Bush recounted the anecdote after we asked why he never publicly endorsed Rubio against Crist in that 2010 race.

"Actually Marco and I talked about this. I did everything I could. I sent as clear a signal -- no one thought otherwise. Everybody knew where I was. He believed, as I did, that he show his own way," said Bush.

"The record will show, and I think Marco - unless he's revising history - will show that I was one of two people that said, 'Stick with it' when there was a deal about ready to be cut to move him to attorney general or something like that. I said, 'What are you doing, man?' I called him up.'You want to be a United States Senator, don't you? And He said, 'Yeah.' I said, 'If you want to be a United States Senator you've got to run for the United States Senate. You can't leave (the race) to go become the attorney general. You can win.' "

Rubio has credited his wife Jeanette and his own gut with rejecting that deal to run for attorney general. We're not aware of him crediting Bush.

"Everybody knew that I care for the guy, that I supported him, but a public endorsement would have made it harder for him to beat the standing incumbent," Bush said. "And he beat him like a drum.And it warmed my heart. Beat him like a drum, crushed him."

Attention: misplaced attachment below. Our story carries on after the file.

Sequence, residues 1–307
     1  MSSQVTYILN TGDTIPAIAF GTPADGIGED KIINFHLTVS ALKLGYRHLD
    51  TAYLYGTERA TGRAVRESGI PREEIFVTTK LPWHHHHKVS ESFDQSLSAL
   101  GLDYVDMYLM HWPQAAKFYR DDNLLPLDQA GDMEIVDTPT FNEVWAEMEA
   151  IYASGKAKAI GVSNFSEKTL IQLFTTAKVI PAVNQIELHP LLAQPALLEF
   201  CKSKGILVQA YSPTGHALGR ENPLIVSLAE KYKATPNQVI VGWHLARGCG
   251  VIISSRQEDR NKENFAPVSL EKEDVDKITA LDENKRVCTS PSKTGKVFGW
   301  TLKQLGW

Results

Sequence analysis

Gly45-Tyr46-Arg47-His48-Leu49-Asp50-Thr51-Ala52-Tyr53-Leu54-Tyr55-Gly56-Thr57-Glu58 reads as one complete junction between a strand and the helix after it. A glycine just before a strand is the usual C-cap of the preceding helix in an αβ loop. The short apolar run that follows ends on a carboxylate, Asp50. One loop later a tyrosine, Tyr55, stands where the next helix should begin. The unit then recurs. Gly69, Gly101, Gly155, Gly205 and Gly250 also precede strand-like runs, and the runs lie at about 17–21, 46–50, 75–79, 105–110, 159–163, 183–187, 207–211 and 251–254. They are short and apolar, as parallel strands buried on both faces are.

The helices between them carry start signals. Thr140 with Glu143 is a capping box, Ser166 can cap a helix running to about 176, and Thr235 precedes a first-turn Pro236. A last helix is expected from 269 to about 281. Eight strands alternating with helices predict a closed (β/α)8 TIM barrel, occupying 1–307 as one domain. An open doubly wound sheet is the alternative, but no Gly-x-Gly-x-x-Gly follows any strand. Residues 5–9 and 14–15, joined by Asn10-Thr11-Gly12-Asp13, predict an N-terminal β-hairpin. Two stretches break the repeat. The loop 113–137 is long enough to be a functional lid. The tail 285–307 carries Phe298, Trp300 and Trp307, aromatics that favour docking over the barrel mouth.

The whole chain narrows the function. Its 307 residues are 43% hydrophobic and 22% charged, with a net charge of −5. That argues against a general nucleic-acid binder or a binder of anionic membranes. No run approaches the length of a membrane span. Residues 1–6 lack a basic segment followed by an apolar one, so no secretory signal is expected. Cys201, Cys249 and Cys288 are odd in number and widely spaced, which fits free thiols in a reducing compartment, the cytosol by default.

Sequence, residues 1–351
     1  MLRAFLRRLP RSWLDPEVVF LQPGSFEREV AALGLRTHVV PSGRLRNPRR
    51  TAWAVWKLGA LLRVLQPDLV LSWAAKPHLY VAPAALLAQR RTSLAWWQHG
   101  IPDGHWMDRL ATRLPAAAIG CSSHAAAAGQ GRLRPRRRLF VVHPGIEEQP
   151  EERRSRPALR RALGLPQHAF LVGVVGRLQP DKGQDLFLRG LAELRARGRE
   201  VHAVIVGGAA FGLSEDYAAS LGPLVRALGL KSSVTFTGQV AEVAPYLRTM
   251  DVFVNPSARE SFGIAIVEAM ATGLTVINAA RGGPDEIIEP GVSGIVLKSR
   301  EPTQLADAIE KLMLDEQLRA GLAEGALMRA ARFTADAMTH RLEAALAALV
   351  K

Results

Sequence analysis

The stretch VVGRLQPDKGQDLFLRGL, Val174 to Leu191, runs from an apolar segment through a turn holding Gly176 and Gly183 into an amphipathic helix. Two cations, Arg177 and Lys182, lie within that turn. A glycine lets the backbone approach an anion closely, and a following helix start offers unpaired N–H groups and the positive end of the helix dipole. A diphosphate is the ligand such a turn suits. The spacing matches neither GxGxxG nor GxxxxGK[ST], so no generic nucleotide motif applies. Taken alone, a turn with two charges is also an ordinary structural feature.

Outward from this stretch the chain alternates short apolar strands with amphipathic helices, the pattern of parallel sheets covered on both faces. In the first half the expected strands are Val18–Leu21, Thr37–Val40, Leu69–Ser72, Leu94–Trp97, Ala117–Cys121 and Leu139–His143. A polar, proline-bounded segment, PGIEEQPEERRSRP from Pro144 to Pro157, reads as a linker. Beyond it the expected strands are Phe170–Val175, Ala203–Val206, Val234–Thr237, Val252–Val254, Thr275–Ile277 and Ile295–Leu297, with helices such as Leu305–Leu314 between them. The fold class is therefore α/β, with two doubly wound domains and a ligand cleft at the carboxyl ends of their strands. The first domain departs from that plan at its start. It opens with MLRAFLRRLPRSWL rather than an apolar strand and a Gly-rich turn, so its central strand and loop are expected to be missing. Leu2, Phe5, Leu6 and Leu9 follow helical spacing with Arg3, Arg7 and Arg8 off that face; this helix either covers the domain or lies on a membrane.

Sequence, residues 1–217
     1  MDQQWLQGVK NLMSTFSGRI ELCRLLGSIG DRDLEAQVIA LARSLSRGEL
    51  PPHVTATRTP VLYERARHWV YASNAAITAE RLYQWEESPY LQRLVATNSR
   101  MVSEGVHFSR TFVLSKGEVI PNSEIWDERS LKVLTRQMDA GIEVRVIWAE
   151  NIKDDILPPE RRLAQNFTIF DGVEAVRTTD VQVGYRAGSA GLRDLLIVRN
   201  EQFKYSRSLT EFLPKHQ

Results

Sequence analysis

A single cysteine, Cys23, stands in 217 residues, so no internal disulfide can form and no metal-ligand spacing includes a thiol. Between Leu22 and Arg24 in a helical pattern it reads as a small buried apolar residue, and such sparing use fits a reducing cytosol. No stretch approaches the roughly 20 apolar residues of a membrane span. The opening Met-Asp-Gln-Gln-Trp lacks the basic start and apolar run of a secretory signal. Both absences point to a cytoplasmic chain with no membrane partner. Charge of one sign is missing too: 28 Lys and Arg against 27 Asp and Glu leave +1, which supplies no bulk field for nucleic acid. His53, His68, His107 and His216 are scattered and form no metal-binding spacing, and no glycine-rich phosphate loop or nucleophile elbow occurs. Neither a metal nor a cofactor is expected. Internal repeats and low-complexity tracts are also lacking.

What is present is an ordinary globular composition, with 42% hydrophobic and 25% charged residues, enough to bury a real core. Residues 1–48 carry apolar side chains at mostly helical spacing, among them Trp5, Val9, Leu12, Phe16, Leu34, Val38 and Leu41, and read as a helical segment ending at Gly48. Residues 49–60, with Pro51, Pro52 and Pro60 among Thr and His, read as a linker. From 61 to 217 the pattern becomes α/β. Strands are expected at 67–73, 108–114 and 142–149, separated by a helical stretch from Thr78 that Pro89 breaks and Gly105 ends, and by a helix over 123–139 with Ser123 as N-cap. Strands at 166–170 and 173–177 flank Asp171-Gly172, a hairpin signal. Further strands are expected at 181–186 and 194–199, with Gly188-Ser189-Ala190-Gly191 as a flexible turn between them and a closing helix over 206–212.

--ADAM C. SMITH, Tampa Bay Times

November 02, 2015

PPP poll: Jeb Bush 'having a rough time in Iowa'


The latest Iowa poll by the Democratic-leaning Public Policy Polling shows Jeb Bush tied for sixth place with many Republican respondents still holding an unfavorable view of him.

Donald Trump leads the field with 22 percent, followed by Ben Carson (21 percent), Ted Cruz (14 percent), Marco Rubio (10 percent), Mike Huckabee and Bobby Jindal (each at 6 percent) and Bush and Carly Fiorina (5 percent).

 Here's how the pollster summarized Bush's position:

Jeb Bush is having a rough time in Iowa. Only 30% of GOP voters see him favorably to 43% with a negative opinion, giving him the highest unfavorable rating of any of the candidates in Iowa. Among those who describe themselves as 'very conservative,' just 25% see Bush favorably to 53% who have a negative view. One measure of how Bush-resistant GOP voters are is that in a head to head with Trump he trails 55/37. By comparison Trump loses by double digits when matched up directly with Rubi0 (51/40), Cruz (53/36), or Carson (55/35).

Patience, preached Bush spokesman Tim Miller:

On second stop of 'Jeb can fix it' tour, Jeb Bush emphasizes his results as governor



WINTER PARK –- In an effort to emphasize his commitment to education and supporting programs that help people with disabilities, former Republican Gov. Jeb Bush brought his presidential campaign on Monday to an Orlando area school for children with motor-skill disabilities.